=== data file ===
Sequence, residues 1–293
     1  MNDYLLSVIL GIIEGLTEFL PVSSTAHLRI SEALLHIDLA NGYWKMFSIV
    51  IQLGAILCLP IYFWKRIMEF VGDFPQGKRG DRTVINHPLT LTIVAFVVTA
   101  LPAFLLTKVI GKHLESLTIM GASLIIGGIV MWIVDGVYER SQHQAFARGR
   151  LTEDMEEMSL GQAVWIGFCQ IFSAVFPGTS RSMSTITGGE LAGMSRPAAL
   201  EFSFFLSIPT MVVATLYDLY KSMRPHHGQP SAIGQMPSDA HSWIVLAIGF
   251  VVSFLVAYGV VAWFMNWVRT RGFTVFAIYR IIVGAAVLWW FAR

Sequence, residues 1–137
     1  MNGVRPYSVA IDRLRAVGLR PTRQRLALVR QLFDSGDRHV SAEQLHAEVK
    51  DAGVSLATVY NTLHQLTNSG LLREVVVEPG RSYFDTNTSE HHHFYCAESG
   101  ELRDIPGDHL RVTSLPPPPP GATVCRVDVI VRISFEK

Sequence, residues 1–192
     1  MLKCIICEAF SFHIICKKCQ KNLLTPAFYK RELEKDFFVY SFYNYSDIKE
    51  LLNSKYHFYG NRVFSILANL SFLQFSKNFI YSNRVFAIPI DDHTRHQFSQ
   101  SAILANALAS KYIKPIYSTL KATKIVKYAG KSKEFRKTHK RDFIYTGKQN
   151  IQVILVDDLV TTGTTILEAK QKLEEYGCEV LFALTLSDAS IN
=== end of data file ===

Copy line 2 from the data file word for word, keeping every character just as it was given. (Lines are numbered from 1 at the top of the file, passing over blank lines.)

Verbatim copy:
     1  MNDYLLSVIL GIIEGLTEFL PVSSTAHLRI SEALLHIDLA NGYWKMFSIV